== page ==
Waikiki Springs Nature Preserve

In the fall of 2020, thanks to the taxpayers of Washington, dedicated elected officials, and active community support, the Conservancy purchased this preserve along the Little Spokane River to protect it for wildlife, native fish habitat, and the enjoyment of the public for generations to come.

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Salmon Swim Again

Thanks to a growing partnership among Spokane Tribe of Indians, Inland Northwest Land Conservancy, and Washington Department of Fish and Wildlife, Tribal Fisheries was able to release 51 adult Chinook salmon into the Little Spokane River in the Waikiki Springs Wildlife Area. Learn more here.

A River Runs Through It: And People Too

Waikiki (or “spouting water”) Springs rests on the banks of the Little Spokane River.  The 95-acre Nature Preserve is adjacent to Washington Department of Fish & Wildlife property of the same name. It is named for the myriad springs that flow from the hillside, into the river, keeping it a moderate temperature year-round. The vegetation along the riverbanks shade the water from the elements and create ideal habitat for local fish. In the intricate food web, these fish draw many other plants and animals. A bald eagle’s nest is visible from the Preserve and it is frequented by deer, coyotes, beavers, moose and many more.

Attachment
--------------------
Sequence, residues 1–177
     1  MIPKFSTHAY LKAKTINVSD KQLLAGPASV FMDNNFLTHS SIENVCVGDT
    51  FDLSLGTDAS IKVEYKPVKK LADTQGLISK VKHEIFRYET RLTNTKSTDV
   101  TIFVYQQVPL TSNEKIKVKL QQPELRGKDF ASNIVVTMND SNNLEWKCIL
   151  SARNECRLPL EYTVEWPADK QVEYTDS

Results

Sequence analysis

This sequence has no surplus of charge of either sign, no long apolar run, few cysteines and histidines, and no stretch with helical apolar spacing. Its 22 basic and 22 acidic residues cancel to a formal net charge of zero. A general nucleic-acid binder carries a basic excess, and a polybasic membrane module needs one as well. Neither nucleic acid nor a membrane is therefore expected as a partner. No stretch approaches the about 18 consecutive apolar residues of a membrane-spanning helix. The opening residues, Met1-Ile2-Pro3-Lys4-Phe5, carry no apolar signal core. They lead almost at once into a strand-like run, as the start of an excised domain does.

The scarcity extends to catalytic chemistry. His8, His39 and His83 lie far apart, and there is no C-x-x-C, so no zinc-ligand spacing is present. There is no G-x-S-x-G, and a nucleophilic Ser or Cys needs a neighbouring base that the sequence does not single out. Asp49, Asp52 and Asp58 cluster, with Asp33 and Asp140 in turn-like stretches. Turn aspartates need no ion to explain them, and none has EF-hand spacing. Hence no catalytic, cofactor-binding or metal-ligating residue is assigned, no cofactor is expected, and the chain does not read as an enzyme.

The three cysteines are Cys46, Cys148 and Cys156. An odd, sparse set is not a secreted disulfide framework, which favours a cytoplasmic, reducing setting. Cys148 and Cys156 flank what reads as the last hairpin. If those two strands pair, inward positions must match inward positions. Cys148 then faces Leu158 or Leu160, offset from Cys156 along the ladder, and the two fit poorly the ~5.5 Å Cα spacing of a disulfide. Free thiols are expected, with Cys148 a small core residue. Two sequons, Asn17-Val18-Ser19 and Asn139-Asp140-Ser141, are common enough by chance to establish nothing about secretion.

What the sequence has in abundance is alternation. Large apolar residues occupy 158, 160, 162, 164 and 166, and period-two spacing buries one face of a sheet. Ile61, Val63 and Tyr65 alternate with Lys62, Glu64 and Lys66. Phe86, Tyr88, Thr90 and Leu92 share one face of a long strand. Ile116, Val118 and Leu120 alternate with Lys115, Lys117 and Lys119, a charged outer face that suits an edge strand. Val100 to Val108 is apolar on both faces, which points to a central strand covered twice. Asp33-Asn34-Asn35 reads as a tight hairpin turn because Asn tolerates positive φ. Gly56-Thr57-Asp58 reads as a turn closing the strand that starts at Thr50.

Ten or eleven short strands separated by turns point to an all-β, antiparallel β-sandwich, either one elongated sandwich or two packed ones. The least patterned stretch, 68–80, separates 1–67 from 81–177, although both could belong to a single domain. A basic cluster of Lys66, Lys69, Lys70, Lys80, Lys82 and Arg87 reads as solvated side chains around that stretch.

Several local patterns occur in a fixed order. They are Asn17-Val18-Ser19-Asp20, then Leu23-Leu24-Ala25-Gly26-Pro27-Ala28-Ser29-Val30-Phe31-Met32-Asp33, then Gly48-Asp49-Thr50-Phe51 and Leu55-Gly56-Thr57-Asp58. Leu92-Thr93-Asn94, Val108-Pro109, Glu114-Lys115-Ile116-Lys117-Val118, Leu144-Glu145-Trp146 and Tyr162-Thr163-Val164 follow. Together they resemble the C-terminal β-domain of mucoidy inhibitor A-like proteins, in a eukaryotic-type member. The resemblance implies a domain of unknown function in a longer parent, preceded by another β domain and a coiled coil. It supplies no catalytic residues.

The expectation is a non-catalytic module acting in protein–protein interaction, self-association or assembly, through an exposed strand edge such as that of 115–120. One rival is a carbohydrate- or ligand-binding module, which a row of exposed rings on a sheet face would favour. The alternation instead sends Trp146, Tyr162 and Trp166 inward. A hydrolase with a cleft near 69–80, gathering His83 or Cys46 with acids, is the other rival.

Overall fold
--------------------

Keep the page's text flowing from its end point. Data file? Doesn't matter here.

Under Inland Northwest Land Conservancy’s ownership and management, this property will be open for the enjoyment of the community and accessible through the WDFW parking lot detailed below. Discover passes are required for this trailhead.

Read more about WSNP here.

Map of Waikiki Springs

Partners Who Helped to Make This Possible

Washington Department of Fish & Wildlife

WDFW manages adjacent recreation property and the trailhead.

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Spokane Tribe of Indians

This land was once a gathering place for the Tribe and remains critical to native plants and animals.

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Fairwood Farmers Market

The local community rallied around the protection of this beautiful urban oasis.

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